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Gonzmart to resurrect Tampa’s historic Goody Goody restaurant

By Richard Mullins
Published: October 20, 2014 Updated: October 20, 2014 at 06:27 PM
Richard Gonzmart next to Goody Goody sign. PHOTO PROVIDED BY RICHARD GONZMART.

Richard Gonzmart remembers going to the downtown Goody Goody as a kid with his grandfather for burgers, and picking up pies on the way to family parties.

Born just a few blocks away, Gonzmart distinctly remembers the taste of those burgers, and the day the downtown Goody Goody restaurant closed nine years ago, he decided he wanted to revive it somehow. Now, he will.

The president and patriarch of the Columbia Restaurant group and Ulele restaurant on the river has acquired the “Goody Goody” brand from Michael Wheeler of Tampa, who owned it since 1981, and has purchased the recipes and 1950s style Goody Goody sign that was in a salvage/storage yard.

“For many years, I had Goody Goody on speed dial, and there were a lot of nights when I would call them, head home and pick up a bag of burgers on the way,” Gonzmart said. “I’m turning into the preservationist somehow of Tampa’s culinary history.”

The Goody Goody cemented a place in Tampa’s food scene, with a classic, casual identity as social hot-spot for homespun indulgence, akin to Pink’s Hot Dogs in Los Angeles, The Varsity in Atlanta or Nathan’s Famous hot dogs in Coney Island.

The first new incarnation of Goody Goody may not come until well into 2015, Gonzmart said, but it will have several especially local, or long-loved items: Burgers made with ground beef from the Strickland ranch, fresh-cut fries and house-made ice cream as well as house-made fresh pies – especially the famed butterscotch pie.

The Goody Goody started in Missouri, but the owners soon moved to Florida, and the original owner, Ralph Stephens, sold the Goody Goody to William B. Stayer in 1929, who owned it until selling operations to Michael Wheeler of Tampa in 1981.

The second and longest-lasting Goody Goody location was on Florida Avenue (“conveniently located in the Heart of Tampa,” one ad said) where it ranked as Tampa’s first real drive-in restaurant, with carhops bringing food to customers in the parking spaces. The location operated from 1930 until Nov. 30, 2005. The building was demolished in 2006, but not before key items like the sign were salvaged and put into storage.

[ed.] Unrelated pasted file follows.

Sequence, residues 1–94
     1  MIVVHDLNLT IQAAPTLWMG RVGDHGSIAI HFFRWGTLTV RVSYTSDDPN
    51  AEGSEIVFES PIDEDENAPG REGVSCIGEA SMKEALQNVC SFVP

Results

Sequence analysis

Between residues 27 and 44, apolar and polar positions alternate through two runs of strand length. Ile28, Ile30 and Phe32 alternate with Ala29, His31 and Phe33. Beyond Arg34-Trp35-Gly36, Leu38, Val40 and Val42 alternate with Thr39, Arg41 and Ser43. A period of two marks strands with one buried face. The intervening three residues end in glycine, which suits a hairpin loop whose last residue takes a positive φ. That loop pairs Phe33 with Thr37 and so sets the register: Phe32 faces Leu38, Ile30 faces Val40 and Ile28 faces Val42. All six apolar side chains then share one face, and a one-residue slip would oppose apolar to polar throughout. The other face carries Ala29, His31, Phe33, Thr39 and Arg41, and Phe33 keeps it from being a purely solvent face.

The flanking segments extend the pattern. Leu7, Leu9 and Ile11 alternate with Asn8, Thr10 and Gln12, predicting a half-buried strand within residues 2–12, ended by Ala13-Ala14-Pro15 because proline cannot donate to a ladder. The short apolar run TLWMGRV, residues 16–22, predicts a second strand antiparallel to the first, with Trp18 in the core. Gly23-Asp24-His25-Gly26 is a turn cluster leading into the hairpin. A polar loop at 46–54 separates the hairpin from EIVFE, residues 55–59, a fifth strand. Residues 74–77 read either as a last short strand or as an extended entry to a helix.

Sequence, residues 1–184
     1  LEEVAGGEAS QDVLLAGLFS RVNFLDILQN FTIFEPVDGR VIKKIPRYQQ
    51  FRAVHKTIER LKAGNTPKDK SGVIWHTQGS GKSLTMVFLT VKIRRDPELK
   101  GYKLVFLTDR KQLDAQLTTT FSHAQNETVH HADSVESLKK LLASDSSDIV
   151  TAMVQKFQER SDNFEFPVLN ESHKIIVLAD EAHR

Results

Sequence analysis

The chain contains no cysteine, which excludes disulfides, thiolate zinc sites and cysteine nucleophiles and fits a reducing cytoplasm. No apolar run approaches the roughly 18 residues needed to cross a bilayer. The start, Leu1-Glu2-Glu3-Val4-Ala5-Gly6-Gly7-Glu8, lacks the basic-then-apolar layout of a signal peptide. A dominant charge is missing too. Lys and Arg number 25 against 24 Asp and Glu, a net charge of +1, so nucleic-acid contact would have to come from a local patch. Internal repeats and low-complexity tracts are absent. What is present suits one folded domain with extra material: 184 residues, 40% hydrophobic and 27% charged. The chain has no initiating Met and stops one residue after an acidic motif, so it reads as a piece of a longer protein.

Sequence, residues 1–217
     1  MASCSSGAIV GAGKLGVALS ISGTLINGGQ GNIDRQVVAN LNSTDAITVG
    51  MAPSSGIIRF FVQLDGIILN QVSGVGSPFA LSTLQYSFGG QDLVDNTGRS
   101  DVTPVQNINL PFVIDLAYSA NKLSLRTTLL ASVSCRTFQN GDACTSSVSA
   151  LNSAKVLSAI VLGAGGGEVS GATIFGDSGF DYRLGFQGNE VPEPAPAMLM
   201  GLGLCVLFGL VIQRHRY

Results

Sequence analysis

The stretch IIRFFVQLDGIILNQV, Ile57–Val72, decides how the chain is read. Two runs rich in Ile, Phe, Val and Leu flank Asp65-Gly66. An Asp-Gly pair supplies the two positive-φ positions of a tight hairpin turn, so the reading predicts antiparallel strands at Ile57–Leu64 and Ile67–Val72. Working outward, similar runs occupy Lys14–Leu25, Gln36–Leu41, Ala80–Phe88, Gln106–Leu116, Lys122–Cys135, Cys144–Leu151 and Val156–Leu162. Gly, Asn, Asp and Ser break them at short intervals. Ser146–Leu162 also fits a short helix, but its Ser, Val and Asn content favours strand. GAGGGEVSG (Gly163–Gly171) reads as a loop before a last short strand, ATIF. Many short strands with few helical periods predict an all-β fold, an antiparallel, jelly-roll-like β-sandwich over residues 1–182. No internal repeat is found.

Fans of that original site should not expect a rebuilt location. Instead, Gonzmart intends on reviving the brand in new locations, in new forms — albeit with the original recipes, including the “secret sauce,” he said. As for what’s in that sauce, “it’s like the Colonel’s secret recipe, I’m not going to tell.”

New sites won’t be drive-ins, or drive-thrus, Gonzmart said. Rather, they’ll be family-style sit-down restaurants. He’s now working with site selectors to find the right location to revive the brand.

Gonzmart has made a career out of reviving or sustaining classic cuisine. The Columbia just celebrated its 110th anniversary, with seven Columbia restaurants and cafes in Florida, as well as Cha Cha Coconuts tropical bar and grill and the newest restaurant. This August, Gonzmart celebrated the opening of his latest creation, the Ulele restaurant on the Hillsborough River downtown, named for the historic Native American woman and the fresh water spring next door, Ulele focuses on classic Florida dishes, and locally made craft beers.

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